The Mabula Ground Hornbill Research and Conservation Project (Mabula Project) had its origins in April 1999 when three recently fledged Southern Ground-Hornbill (SGH) chicks were delivered to the Mabula Game Reserve in the back of an old red Toyota Hi-Ace minivan. The concept for the project, with a mission to halt the decline of SGHs in South Africa by 2015, had its roots in long-term field studies of the species in the Kruger National Park (KNP) that began in 1967, when Alan Kemp started his post-graduate studies there on small hornbills but started watching these, the largest hornbills, whenever they crossed his path. Joined in 1968 by his wife Meg, the Kemps initiated a long-term focal study of SGHs around Satara Rest Camp in 1974 and later expanded it to cover the whole of the KNP, especially during 1991-98 (refs 1-9, 13-16), with aspects of data collection continued to this day by the Mabula Project and the Endangered Wildlife Trust (EWT).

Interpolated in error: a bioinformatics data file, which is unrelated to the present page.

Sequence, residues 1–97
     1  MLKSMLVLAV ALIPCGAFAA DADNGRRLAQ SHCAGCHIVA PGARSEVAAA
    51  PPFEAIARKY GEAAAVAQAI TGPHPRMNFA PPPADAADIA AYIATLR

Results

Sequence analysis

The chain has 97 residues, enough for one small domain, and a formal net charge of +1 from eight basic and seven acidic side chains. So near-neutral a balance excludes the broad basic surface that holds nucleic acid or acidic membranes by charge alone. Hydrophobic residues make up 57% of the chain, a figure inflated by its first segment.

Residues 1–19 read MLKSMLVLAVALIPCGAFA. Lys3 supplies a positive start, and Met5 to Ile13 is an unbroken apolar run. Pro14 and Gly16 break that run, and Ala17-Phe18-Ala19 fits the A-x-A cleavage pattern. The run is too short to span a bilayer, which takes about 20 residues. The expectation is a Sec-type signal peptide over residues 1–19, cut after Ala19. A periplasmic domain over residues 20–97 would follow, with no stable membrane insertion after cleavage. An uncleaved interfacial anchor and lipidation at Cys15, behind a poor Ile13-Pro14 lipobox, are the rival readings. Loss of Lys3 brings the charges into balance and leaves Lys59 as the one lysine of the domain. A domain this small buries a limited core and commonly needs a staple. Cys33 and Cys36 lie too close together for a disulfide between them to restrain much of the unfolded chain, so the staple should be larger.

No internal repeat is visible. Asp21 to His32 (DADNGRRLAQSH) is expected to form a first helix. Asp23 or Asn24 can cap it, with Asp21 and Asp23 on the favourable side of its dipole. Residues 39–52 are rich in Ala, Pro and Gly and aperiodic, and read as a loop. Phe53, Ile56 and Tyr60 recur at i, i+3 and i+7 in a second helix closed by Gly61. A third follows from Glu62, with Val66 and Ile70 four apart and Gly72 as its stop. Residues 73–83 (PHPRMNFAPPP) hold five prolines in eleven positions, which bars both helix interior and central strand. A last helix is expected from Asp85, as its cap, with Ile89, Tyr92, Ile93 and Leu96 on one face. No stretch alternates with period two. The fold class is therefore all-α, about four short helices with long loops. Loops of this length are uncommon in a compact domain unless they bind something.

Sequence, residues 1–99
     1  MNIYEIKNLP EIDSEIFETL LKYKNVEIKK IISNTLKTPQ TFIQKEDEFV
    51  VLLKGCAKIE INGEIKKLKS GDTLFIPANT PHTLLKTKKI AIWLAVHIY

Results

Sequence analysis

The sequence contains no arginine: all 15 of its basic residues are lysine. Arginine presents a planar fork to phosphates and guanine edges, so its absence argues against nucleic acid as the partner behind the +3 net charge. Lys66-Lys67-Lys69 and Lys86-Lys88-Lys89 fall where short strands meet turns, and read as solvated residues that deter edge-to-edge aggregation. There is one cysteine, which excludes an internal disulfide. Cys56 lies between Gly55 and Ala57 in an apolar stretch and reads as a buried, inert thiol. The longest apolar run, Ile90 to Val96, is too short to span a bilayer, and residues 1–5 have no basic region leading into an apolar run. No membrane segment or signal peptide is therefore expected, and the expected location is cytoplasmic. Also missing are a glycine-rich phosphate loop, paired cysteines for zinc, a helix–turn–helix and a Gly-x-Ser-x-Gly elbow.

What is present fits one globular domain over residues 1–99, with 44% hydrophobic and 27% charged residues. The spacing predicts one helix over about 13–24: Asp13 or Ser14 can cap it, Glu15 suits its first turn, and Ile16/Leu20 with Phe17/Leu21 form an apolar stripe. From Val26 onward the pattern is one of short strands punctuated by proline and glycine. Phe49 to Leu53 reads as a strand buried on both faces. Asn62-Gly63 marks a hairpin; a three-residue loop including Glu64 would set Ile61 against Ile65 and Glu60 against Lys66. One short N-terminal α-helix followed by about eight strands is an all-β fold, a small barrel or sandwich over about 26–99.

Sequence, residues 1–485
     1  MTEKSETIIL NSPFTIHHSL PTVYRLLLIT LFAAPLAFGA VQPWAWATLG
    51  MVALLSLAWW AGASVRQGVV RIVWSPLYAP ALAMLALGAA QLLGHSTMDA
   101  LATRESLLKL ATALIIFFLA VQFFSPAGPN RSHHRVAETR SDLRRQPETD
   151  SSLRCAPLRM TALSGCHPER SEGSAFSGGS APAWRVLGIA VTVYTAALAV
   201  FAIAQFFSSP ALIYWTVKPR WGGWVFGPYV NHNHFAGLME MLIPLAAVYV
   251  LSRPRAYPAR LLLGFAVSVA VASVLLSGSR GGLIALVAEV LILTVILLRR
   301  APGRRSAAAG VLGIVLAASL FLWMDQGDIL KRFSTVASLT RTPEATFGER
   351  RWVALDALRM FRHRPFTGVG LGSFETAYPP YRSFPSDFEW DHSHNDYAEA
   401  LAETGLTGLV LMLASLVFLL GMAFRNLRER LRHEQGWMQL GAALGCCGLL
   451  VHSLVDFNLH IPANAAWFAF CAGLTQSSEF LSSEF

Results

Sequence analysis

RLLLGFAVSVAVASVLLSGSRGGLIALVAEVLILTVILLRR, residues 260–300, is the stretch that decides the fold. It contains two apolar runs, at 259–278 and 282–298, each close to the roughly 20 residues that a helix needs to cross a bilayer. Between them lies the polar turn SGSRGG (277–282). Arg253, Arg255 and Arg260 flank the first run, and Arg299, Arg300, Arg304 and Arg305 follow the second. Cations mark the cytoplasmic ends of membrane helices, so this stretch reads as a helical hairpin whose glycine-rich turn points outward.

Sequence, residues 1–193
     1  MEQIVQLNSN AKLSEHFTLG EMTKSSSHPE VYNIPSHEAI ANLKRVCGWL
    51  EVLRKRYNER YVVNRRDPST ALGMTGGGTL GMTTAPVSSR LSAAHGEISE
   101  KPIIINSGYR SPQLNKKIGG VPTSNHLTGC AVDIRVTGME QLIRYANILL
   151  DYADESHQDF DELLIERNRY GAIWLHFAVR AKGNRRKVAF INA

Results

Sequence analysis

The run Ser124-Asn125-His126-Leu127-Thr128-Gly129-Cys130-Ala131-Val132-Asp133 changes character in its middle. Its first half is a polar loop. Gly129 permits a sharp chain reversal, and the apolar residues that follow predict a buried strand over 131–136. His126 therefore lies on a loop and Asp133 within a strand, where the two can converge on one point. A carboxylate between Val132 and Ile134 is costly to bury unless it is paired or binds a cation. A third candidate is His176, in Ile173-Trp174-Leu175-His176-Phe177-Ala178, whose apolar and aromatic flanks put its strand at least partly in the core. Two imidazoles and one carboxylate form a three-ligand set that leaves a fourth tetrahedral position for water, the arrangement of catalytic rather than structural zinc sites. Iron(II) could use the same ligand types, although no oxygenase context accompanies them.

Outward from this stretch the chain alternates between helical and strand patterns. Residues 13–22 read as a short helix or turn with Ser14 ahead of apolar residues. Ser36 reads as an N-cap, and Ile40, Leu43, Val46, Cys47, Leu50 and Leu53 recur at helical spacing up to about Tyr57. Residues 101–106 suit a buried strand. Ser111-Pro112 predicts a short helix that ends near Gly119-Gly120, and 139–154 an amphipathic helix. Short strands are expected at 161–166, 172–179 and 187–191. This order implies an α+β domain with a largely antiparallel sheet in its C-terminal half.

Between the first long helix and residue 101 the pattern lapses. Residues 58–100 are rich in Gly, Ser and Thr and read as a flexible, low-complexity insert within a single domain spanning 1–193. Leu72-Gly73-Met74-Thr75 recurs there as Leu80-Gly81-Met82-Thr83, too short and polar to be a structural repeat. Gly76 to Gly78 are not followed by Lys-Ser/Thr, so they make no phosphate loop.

The Project is registered as a Non-Profit Organisation (NPO) and accordingly has a Board of Directors that ensure they remain on the right track, both in terms of our mandate and in terms of our careful spending of sponsor donations. Our financial reports are audited annually and you are welcome to request a copy of the latest audit.
Our NPO registration Number is 016-183. They are also a registered Public Benefit Organisation (PBO) 13/00/00/723.
Where is Mabula Ground Hornbill Project